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26 January 2011
Monogamy a mystery to young couples
by George Atkinson

A new study from Oregon State University of more than 400 young heterosexual couples aged between 18 and 25 found that in 40 percent of couples only one partner says the couple agreed to be sexually exclusive. Worryingly, the other partner said there was no agreement. The researchers, Jocelyn Warren and Marie Harvey, say their study shows that many couples are misjudging their partners' sexual risk behaviors.

"Other studies have looked at perceptions related to monogamy, but this is really the first one that explores the discussions that heterosexual couples are - or aren't - having about monogamy," Warren noted. "Miscommunication and misunderstandings about sexual exclusivity appear to be common."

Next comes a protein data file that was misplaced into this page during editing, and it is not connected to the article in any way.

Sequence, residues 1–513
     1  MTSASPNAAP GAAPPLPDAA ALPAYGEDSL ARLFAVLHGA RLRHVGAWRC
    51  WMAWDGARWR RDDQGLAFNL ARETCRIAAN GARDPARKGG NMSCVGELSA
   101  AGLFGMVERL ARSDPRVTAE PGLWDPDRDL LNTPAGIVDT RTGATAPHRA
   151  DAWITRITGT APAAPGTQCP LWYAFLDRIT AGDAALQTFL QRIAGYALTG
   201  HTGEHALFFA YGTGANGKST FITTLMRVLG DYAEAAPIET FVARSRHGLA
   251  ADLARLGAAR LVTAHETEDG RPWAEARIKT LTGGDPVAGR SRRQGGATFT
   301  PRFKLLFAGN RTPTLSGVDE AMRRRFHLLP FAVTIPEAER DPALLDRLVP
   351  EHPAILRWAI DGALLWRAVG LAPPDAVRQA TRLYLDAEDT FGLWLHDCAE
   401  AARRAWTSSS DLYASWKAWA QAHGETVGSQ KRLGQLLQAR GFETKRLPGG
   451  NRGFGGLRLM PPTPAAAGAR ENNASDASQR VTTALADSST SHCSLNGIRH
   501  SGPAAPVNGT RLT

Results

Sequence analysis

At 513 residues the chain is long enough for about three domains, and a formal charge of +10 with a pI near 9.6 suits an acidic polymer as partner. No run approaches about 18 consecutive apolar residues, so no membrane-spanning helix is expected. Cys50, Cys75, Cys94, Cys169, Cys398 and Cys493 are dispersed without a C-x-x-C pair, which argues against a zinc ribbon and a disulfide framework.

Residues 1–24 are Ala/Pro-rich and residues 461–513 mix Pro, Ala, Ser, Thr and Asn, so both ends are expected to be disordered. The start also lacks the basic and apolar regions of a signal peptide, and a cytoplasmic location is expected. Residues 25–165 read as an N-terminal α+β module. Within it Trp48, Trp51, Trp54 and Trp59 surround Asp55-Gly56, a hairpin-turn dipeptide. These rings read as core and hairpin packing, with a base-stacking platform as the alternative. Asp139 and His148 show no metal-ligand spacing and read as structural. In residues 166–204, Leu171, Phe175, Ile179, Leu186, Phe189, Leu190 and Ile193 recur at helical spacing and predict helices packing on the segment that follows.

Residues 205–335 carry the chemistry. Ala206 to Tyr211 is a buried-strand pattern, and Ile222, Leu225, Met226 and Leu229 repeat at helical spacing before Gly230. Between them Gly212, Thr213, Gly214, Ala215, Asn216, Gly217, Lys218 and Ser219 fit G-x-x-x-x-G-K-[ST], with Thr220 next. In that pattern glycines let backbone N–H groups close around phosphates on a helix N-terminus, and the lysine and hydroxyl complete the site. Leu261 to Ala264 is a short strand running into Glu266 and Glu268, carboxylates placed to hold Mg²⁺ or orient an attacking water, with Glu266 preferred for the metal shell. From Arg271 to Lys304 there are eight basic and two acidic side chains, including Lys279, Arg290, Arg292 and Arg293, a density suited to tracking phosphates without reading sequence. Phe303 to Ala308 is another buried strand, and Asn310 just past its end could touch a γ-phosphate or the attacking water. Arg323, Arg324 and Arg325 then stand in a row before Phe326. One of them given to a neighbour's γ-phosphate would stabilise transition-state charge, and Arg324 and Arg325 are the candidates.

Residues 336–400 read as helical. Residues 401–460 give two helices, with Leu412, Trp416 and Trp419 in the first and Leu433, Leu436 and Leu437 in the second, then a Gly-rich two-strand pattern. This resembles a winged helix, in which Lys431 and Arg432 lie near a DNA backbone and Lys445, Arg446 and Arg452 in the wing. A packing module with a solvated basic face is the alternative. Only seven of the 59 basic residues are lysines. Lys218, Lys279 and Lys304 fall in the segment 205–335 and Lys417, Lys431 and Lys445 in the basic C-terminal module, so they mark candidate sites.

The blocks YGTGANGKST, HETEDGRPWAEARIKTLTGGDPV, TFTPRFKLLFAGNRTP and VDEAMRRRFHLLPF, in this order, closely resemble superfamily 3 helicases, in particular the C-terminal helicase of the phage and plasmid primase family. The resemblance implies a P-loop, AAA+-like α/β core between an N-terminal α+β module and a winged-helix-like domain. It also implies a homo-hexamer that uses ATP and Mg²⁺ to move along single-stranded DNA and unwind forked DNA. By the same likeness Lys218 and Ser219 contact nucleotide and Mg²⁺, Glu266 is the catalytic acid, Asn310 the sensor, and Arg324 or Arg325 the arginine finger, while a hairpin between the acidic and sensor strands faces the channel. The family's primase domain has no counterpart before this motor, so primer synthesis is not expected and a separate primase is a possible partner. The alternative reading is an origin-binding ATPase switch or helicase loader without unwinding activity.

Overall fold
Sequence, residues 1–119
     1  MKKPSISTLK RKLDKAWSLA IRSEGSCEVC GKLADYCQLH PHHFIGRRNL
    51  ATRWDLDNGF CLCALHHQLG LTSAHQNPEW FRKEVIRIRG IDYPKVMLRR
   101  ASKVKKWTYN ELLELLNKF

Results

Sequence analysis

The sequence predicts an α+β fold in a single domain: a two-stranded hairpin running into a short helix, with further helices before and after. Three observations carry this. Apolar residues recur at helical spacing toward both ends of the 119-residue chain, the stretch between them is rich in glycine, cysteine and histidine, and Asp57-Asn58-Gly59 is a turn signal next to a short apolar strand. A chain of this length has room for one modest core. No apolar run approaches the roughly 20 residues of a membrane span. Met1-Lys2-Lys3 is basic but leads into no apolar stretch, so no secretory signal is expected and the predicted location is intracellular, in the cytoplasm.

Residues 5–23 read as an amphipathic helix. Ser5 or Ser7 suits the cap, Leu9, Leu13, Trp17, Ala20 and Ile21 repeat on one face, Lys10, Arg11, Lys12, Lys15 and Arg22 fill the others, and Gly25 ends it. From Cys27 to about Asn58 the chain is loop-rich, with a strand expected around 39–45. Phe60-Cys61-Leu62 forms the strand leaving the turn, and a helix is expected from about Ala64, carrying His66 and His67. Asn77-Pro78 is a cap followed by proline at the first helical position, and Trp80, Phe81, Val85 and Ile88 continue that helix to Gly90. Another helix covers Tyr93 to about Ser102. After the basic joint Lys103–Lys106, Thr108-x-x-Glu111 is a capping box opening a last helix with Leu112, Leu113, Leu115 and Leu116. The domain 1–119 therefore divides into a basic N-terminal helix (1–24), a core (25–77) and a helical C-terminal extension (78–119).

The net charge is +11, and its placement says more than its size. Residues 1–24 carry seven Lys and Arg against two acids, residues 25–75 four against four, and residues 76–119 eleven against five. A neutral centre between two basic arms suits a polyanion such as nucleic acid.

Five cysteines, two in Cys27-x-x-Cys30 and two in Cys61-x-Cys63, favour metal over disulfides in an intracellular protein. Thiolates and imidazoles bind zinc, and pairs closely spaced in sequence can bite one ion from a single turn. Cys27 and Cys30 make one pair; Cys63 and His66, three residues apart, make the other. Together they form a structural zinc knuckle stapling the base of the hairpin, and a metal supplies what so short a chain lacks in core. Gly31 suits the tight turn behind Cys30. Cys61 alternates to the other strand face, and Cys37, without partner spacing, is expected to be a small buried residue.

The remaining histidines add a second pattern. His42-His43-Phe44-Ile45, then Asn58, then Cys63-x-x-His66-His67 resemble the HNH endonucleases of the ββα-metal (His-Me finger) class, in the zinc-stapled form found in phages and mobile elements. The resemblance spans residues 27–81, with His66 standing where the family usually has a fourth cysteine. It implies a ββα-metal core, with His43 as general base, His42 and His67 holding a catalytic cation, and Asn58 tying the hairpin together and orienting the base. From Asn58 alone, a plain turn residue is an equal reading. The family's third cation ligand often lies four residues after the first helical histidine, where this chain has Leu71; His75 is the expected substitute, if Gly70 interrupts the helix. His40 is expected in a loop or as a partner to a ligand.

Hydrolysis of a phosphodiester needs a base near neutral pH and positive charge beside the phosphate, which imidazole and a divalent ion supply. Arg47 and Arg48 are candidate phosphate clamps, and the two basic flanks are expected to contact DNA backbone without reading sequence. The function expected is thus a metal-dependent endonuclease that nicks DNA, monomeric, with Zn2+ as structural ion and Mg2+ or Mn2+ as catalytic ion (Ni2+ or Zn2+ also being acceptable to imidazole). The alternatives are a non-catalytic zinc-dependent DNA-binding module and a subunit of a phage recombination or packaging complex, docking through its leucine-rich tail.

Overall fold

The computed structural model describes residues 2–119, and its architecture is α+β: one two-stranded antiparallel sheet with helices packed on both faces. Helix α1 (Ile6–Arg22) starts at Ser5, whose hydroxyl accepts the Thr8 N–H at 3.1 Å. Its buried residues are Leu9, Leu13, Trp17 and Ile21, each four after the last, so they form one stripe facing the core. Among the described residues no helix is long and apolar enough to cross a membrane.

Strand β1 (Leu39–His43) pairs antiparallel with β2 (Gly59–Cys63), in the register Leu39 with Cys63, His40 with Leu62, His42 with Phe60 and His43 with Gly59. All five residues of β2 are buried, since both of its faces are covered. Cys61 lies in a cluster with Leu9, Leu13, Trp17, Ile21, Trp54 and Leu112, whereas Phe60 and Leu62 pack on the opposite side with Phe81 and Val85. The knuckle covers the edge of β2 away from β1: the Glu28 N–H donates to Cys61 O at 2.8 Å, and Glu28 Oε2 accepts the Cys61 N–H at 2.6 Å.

The results, appearing in the Journal of Sex Research, are troubling as previous research has shown that condom use tends to decline as relationships become more intimate and steady over time.

The new study highlights that some couples may not be communicating effectively on the terms of their relationship. Even among those who agreed they had an explicit agreement to be monogamous, almost 30 percent had broken the agreement, with at least one partner having had sex outside the relationship. Interestingly, married couples were no more likely to have an explicit monogamy agreement in place than other couples.

"Couples have a hard time talking about these sorts of issues, and I would imagine for young people it's even more difficult," said Harvey. "Monogamy comes up quite a bit as a way to protect against sexually transmitted diseases. But you can see that agreement on whether one is monogamous or not is fraught with issues."

Harvey recommends that those who work with young people in clinical and community settings ask what kind of protection they are using. "And if they answer that their partner is monogamous, they may want to think about advising that young person to use protection," she concluded.

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Source: Oregon State University

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